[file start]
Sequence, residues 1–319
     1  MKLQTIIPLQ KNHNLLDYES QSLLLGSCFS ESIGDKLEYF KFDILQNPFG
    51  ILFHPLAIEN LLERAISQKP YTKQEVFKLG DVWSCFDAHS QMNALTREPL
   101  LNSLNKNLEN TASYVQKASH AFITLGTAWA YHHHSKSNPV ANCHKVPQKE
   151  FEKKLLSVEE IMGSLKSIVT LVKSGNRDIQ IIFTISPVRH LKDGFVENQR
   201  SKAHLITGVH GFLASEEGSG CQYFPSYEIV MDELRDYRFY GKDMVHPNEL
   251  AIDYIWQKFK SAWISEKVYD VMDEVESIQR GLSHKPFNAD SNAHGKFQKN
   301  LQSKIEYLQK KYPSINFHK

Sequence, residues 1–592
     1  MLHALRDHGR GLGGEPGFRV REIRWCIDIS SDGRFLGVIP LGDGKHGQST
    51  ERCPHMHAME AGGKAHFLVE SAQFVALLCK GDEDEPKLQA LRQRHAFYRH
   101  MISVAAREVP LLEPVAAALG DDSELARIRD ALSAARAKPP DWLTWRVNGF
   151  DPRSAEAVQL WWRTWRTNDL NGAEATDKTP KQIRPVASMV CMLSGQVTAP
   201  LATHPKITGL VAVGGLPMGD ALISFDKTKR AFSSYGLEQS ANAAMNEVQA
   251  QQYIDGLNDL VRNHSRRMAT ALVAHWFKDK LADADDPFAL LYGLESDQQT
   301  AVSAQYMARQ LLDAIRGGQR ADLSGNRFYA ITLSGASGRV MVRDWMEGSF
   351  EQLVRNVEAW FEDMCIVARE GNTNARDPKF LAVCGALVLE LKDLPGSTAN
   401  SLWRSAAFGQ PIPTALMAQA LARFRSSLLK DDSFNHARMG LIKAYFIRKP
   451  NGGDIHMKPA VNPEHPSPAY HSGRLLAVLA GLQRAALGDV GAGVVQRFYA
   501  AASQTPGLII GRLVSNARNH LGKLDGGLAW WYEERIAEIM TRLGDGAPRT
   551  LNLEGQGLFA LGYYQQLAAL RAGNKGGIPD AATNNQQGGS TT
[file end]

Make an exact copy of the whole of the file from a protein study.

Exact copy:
Sequence, residues 1–319
     1  MKLQTIIPLQ KNHNLLDYES QSLLLGSCFS ESIGDKLEYF KFDILQNPFG
    51  ILFHPLAIEN LLERAISQKP YTKQEVFKLG DVWSCFDAHS QMNALTREPL
   101  LNSLNKNLEN TASYVQKASH AFITLGTAWA YHHHSKSNPV ANCHKVPQKE
   151  FEKKLLSVEE IMGSLKSIVT LVKSGNRDIQ IIFTISPVRH LKDGFVENQR
   201  SKAHLITGVH GFLASEEGSG CQYFPSYEIV MDELRDYRFY GKDMVHPNEL
   251  AIDYIWQKFK SAWISEKVYD VMDEVESIQR GLSHKPFNAD SNAHGKFQKN
   301  LQSKIEYLQK KYPSINFHK

Sequence, residues 1–592
     1  MLHALRDHGR GLGGEPGFRV REIRWCIDIS SDGRFLGVIP LGDGKHGQST
    51  ERCPHMHAME AGGKAHFLVE SAQFVALLCK GDEDEPKLQA LRQRHAFYRH
   101  MISVAAREVP LLEPVAAALG DDSELARIRD ALSAARAKPP DWLTWRVNGF
   151  DPRSAEAVQL WWRTWRTNDL NGAEATDKTP KQIRPVASMV CMLSGQVTAP
   201  LATHPKITGL VAVGGLPMGD ALISFDKTKR AFSSYGLEQS ANAAMNEVQA
   251  QQYIDGLNDL VRNHSRRMAT ALVAHWFKDK LADADDPFAL LYGLESDQQT
   301  AVSAQYMARQ LLDAIRGGQR ADLSGNRFYA ITLSGASGRV MVRDWMEGSF
   351  EQLVRNVEAW FEDMCIVARE GNTNARDPKF LAVCGALVLE LKDLPGSTAN
   401  SLWRSAAFGQ PIPTALMAQA LARFRSSLLK DDSFNHARMG LIKAYFIRKP
   451  NGGDIHMKPA VNPEHPSPAY HSGRLLAVLA GLQRAALGDV GAGVVQRFYA
   501  AASQTPGLII GRLVSNARNH LGKLDGGLAW WYEERIAEIM TRLGDGAPRT
   551  LNLEGQGLFA LGYYQQLAAL RAGNKGGIPD AATNNQQGGS TT